As a student at Rutgers I had access to one of the finest libraries on East Coast – the Alexandar Library. After reading Ataturk by Andrew Mango- a birthday present I had gotten for my 20th birthday, I tracked down in the Alexandar Library a 1933 edition of Grey Wolf; An Intimate Study of a Dictator. It makes for an interesting reading. The book was highly controversial when it first came out. Turkish government actually banned it because it presented Ataturk, amongst other things, as a pleasure seeking savage – a man who engaged in wild orgies, liked loose women and drank from sun down to sun rise. It portrayed him as highly irreverent, anti-God and a brute. It is strange therefore that Jinnah who was always very proper, an eminent Edwardian gentleman known to drink only in strict moderation and who had no scandals with women should find the life of Grey Wolf of H C Armstrong’s estimation even remotely similar to his own. But apart from these apparent character flaws alleged by H C Armstrong, there was much about Ataturk that Jinnah might have seen in his own image. Courage, tenacity, and a strong will were three attributes of Ataturk that come across in the book and these were the three attributes that defined the Quaid-e-Azam as well. Both men were essentially loners at the pinnacle of their success. Jinnah must have felt some similarity with the splendid isolation of the father of the Turks who like Jinnah was averse to playing second fiddle to anyone. But it is clear that Jinnah’s case was one of inspiration rather than emulation. Speaking to an audience he declared that he wished he could be Mustafa Kemal but unlike the Turkish leader he was not a military man and did not have an army behind him; that his weapons were argument and logic. In any event Kemal Ataturk’s own orientation lay towards mainland Europe dominated by military strongmen while Jinnah’s training was in British parliamentary institutions. As Naeem Qureshi writes in his book Ottoman Turkey Ataturk and Muslim South Asia: “Inspiration reinforces vitality. Imitation dampens it”.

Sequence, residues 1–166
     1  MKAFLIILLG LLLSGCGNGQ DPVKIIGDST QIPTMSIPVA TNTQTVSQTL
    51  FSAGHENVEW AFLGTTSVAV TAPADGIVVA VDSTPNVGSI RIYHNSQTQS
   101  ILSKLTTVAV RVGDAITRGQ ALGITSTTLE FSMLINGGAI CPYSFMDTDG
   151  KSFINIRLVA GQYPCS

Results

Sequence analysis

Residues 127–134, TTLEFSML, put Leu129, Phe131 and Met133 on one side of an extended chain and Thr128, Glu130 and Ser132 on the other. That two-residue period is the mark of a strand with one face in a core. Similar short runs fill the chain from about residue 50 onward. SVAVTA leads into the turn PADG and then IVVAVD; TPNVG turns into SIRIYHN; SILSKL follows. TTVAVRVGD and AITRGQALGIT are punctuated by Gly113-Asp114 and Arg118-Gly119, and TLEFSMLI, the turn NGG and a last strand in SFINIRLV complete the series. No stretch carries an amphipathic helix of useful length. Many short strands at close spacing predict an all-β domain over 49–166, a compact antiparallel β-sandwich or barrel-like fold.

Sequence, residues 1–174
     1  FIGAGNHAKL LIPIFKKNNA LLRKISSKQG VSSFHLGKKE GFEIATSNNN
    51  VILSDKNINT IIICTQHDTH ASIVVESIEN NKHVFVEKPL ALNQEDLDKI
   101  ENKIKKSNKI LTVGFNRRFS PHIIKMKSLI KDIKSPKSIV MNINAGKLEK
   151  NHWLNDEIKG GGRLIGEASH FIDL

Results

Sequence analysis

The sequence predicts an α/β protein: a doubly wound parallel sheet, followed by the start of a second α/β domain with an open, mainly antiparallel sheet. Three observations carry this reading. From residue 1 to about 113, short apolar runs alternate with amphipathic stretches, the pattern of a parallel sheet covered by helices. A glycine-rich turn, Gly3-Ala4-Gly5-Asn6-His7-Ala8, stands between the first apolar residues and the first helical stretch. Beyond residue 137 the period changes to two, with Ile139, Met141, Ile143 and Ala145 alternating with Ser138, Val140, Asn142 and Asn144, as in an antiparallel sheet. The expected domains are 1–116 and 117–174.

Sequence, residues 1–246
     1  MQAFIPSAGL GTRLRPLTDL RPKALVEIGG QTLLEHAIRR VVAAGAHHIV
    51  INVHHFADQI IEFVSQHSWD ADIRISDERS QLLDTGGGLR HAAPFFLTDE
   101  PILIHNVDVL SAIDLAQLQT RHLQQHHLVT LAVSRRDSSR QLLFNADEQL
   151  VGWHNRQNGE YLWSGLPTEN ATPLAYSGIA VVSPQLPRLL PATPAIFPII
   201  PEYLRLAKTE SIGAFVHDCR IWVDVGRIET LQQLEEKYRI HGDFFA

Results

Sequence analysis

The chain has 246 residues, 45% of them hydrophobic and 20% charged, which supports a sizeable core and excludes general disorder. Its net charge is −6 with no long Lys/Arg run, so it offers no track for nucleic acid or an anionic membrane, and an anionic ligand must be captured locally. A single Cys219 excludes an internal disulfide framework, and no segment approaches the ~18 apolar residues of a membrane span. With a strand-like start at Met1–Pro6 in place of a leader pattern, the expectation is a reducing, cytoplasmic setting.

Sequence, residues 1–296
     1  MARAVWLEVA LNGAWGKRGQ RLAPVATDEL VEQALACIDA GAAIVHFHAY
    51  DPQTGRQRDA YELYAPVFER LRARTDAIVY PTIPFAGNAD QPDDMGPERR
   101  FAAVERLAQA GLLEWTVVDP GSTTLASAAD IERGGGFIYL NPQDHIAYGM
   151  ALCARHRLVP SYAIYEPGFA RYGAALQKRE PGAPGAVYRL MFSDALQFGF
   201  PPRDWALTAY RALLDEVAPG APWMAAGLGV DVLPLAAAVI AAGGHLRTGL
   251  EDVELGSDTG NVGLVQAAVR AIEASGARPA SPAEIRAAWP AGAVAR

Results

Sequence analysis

Of course Greeks and Armenians hate Ataturk perhaps even more than Indians hate Jinnah. Greeks and Armenians accuse Ataturk (quite unjustifiably) of being the consummator in chief of Armenian and Greek genocides. To be fair to Ataturk he did not have a direct role to play in the ethnic cleansing of Armenians. He did not speak against it but he was in no position to influence the young Turks in anyway. It is also true that Symrna (now Izmir) was burnt down as his forces entered the town, but direct complicity is another thing. While shying away from calling it genocide, Ataturk did condemn the near total exodus of Christians from Turkey in 1926. Still a recent book Ataturk in Nazi Imagination goes so far as to paint Ataturk as the original inspiration for Nazism and Fascism. It is true that Hitler and Mussolini both saw Kemalist Turkey as a successful example of an ordered society coming out of the ruins of a chaotic feudal one but it must be stated that Ataturk was replacing an old order with a new one and not – as in the case of Hitler and Mussolini- seizing power in societies that had already been modernizing and industrializing. Secondly Ataturk’s authoritarianism was not an end unto itself but a means to an end – to quote Armstrong he was a dictator so that that Turkey may not have more dictators.